On a C-Span show called "The Washington Journal," a caller raised eyebrows by stating that too many black people are calling in to the show. The caller, a guy named "Bill," who is a North Carolina Republican, stated that C-Span should change their name to "Black-Span," because "if they [African Americans] are only 10 or 12 percent of the population, there's no way they seem to be 80 percent of your callers."
Bill, who actually doesn't sound like a dumb person, goes on to say that "Every one of 'em [African Americans] thinks that Obama is Jesus Christ and they don't like when anybody criticizes him."
I listened to Bill's comments carefully, because I didn't think he was coming out of left field. Bill's theory was that it wasn't an accident that so many of the C-Span callers just happen to be black. He speculated that he and other conservatives would grow tired of watching C-Span if they didn't make changes to the callers that were allowed to get through the line. One could easily write Bill off as just another North Carolina yahoo who doesn't know how to keep his mouth shut. In fact, that's probably what he is, to a point. His language certainly fails the test of political correctness, and his use of broad generalizations is incredibly problematic.
But when we take a deeper look at Bill's comments, we can notice the following:
1) Bill's thoughts are not uncommon, especially in places like North Carolina: There is quite a bit of latent racial hostility all throughout the country toward theAfrican-American community and President Obama. Much of this hostility is thinly disguised as a populist movement. The truth is, though, that Bill was one of the few conservatives brave enough to say some of the things that millions of others are thinking.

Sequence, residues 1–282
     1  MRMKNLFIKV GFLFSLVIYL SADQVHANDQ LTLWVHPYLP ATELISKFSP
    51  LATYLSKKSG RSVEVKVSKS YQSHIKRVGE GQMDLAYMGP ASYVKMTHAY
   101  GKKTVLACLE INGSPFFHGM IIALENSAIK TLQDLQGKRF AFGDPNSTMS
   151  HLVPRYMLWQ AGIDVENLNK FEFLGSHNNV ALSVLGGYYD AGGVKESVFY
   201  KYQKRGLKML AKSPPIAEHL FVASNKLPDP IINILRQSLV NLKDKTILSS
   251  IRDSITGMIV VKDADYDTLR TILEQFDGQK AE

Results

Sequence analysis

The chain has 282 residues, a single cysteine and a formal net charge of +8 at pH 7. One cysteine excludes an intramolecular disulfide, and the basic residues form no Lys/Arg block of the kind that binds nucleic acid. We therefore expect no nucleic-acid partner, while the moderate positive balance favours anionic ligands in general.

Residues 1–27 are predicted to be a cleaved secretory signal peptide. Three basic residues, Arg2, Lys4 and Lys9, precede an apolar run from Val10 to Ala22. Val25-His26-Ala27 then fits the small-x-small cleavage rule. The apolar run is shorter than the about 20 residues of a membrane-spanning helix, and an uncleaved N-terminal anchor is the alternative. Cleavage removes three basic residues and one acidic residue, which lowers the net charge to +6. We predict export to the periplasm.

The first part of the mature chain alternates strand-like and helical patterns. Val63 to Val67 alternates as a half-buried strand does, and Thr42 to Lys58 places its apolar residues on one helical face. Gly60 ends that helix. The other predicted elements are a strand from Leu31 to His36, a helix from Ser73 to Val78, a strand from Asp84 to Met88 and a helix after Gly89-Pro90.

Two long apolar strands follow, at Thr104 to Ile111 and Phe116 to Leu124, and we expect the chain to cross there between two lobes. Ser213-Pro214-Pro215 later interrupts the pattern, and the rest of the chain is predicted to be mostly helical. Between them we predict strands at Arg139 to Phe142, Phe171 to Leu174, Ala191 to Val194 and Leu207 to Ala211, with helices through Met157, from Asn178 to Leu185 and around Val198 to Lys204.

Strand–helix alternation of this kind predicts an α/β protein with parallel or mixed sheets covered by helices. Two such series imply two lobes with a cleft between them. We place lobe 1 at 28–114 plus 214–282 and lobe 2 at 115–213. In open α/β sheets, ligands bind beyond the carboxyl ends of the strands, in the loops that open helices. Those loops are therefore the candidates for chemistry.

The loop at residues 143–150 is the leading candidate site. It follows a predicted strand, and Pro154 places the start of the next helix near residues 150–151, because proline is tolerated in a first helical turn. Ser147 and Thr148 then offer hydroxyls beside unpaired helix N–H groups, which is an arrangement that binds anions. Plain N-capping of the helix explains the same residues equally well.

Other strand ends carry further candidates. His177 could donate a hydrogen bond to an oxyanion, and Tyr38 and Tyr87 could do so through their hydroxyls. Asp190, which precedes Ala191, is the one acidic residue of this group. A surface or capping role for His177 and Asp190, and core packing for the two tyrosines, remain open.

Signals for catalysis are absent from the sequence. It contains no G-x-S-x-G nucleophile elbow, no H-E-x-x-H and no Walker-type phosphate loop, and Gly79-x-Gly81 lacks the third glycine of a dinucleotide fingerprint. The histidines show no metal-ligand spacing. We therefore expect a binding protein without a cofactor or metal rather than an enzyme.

2) Bill is right that African Americans are in love with Obama: I don't believe in falling in love with a politician. It's like falling in love with a corporation or writing poetry for your pimp. The truth is that African-American support for Obama crosses the line of objective analysis and goes in to the category of idealistic fascination. That is the recipe for disaster in American politics, since our unconditional support significantly weakens our negotiating position with the White House. That's why the fight between Al Sharpton and Tavis Smiley might actually be a good thing for the African-American community.
3) There is a good chance that Bill is also right about the probabilities of African Americans calling in to the show: Bill's points that there are far too many black callers on the show and that "there's no way this is an accident" could be correct. It could be the case that there is either a concerted effort for large numbers of people to call in to the show or that the producers are deliberately choosing to pipe through callers who provide dissenting opinions. Either way, show producers typically incorporate their own biases when choosing which voices get to be heard. Networks also show their biases by infrequently hiring African Americans to host major shows on their networks. CNN, for example, has Nancy Grace, Jane Valez Mitchell, Anderson Cooper and Wolf Blitzer, but will there ever be a show called "Roland Martin" or "Donna Brazile"?
Probably not for a very long time.
So, while I don't agree with Bill's ideology and I certainly believe that he is treading in dangerous water, the truth is that Bill is probably mildly accurate in his statements. At the very least, he deserves credit for being honest. So, rather than attacking Bill and getting angry, because he makes reference to the black callers on the show, I actually find his use of freedom of speech to be quite refreshing. As long as everyone has a voice, it is almost always OK for people to say what they truly believe.
Open Link: Here is the video if you'd like to watch: